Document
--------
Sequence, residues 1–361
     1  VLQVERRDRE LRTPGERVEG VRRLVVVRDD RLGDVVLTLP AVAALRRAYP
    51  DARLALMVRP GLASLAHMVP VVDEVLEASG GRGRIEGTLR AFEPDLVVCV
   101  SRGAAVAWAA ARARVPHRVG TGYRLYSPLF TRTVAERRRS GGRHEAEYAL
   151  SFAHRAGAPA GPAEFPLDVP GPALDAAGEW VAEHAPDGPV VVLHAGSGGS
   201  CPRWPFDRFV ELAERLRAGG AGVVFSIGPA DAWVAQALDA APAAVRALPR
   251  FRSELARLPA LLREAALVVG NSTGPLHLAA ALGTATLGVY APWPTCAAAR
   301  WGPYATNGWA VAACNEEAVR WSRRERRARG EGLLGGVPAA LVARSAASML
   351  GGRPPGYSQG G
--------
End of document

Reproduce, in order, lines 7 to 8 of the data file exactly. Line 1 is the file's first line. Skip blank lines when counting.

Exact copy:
   251  FRSELARLPA LLREAALVVG NSTGPLHLAA ALGTATLGVY APWPTCAAAR
   301  WGPYATNGWA VAACNEEAVR WSRRERRARG EGLLGGVPAA LVARSAASML